Lehman Brothers: Take Two! (Fed's Drama Unfolds)
Palwasha is a member of The Motley Fool Blog Network -- entries represent the personal opinion of the blogger and are not formally edited.
"I am a most unhappy man. I have unwittingly ruined my country. A great industrial nation is controlled by its system of credit. Our system of credit is concentrated. The growth of the nation, therefore, and all our activities are in the hands of a few men. We have come to be one of the worst ruled, one of the most completely controlled and dominated Governments in the civilized world no longer a Government by free opinion, no longer a Government by conviction and the vote of the majority, but a Government by the opinion and duress of a small group of dominant men."
These were the words of the 28th President of United States, Woodrow Wilson, a few years after he signed the Federal Reserve Act of 1913. He regretted, true, but little did he know the severity of the repercussions 100 years down the road.
Let’s fast forward from 1913, past the Great Depression, moving straight to the year that witnessed the worst recession after the Great Depression -- the first "Lehman Moment."
The Fed: the Guardian Angel or the Devil?
Let’s recall 2008, the year of the fall of Lehman Brothers. It is the same year the Fed bailed out Bear Stearns. Their justification?
“Given the exceptional pressures on the global economy and financial system, the damage caused by a default by Bear Stearns could have been severe and extremely difficult to contain.”
Later that year, they refused to bailout Lehman Brothers. This time the Fed’s crystal ball did not show them the "exceptional pressures" and damage that were to follow. Interestingly enough, the same month that Lehman Brothers went bankrupt, the Fed pledged capital to Fannie Mae and Freddie Mac and also helped convert the two largest competitors of Lehman Brothers, Goldman Sachs and Morgan Stanley, from investment banks into bank holding companies, thus giving them the privileges to acquire additional federal funding like other commercial banks. Was the Lehman Brothers fiasco pre-planned? The last CEO of Lehman, Richard Fuld, points his fingers toward the Fed, or more specifically toward Henry Paulson, the then Secretary of Treasury who, prior to getting nominated by Bush, was Chairman and CEO at Goldman Sachs, Lehman Brothers' biggest rival. On a personal note, when I think of him, I get flashes from the movie Inside Job. (Watch it, if you haven't yet). Alas! What the Fed does, the Fed does.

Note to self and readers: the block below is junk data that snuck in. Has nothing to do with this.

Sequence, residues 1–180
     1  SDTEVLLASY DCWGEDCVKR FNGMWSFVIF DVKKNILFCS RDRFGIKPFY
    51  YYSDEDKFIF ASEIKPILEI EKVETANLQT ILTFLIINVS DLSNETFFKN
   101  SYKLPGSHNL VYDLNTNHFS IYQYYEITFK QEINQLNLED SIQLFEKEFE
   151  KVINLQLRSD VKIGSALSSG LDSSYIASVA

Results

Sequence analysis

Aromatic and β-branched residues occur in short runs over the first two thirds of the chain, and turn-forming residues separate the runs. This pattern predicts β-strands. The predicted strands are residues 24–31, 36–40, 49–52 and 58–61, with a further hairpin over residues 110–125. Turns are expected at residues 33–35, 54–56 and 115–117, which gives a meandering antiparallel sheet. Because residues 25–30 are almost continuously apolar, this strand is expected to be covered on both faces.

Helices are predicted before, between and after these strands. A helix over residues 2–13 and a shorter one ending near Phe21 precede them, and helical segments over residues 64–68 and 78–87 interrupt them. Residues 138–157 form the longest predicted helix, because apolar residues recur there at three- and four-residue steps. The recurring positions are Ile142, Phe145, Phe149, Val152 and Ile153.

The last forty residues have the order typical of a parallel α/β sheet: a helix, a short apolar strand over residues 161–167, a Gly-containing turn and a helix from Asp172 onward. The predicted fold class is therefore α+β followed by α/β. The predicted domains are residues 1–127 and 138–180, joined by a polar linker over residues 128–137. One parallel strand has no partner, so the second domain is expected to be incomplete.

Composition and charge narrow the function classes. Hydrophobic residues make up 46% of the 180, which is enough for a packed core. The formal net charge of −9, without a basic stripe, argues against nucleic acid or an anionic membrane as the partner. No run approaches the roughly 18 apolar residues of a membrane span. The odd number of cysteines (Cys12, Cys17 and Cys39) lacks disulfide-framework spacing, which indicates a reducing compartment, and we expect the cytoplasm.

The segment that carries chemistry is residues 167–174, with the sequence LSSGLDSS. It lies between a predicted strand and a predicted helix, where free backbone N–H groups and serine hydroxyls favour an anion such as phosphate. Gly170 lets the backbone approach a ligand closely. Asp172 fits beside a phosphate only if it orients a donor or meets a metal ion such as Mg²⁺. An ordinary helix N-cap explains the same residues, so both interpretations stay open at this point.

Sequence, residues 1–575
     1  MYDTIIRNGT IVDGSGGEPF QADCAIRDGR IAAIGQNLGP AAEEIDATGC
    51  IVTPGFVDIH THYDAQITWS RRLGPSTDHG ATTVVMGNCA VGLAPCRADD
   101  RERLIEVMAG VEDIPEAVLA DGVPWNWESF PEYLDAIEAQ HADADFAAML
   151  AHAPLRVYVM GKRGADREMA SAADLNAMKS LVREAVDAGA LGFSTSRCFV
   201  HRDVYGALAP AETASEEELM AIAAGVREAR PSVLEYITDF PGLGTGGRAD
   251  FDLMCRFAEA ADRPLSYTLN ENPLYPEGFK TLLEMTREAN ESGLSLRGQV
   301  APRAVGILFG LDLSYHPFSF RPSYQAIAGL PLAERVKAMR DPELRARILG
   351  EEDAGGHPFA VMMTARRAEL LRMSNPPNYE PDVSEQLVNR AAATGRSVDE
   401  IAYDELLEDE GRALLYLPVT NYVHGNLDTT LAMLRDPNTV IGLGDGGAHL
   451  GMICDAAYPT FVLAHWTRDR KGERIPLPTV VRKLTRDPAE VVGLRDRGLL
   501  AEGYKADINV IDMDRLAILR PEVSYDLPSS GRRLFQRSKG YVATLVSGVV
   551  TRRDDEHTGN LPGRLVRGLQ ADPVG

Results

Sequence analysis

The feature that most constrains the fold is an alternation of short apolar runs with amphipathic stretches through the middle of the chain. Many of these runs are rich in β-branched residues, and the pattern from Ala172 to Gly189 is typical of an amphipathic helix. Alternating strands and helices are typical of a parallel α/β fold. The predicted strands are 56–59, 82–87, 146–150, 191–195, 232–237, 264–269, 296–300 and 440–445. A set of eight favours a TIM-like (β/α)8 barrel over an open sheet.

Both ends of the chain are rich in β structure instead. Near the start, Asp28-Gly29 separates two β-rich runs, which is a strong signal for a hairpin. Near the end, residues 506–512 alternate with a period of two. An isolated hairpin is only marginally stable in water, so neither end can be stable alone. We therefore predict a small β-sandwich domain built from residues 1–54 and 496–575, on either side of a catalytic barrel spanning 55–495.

That of which thou not know!
To understand why the Guardian Angel (a.k.a. the Fed) rests its merciful hands on the shoulders of these two lucky biggies, Goldman Sachs Group Inc. (NYSE: GS) and Morgan Stanley (NYSE: MS), I analyzed their profitability and leverage ratios against two peers -- Wells Fargo & Company (NYSE: WFC) and JPMorgan Chase & Co. (NYSE: JPM). I initially thought the two banking sharks, with a boost from the Fed, would turn out to be the most profitable with better ability to raise additional capital. But basic analysis proved otherwise.
For profitability, see below the trend of return on equity from 2008-2011 (I’ve not included 2012, since quarterly earnings distort the analysis). Morgan Stanley showed the worst profitability performance followed by Goldman Sachs. Wells Fargo showed increasing ROE over the four years with JPMorgan Chase closely following suit.
The two leverage ratios I used are long-term debt to capitalization ratio and the financial leverage ratio of assets to equity. Again, although showing a decreasing pattern, Morgan Stanley and Goldman Sachs have the highest long-term debt against capitalization when compared to peers Wells Fargo and JPMorgan Chase. Wells Fargo shows the best trend with LTD/Cap decreasing over the past four years, increasing only slightly for the first quarter of this year.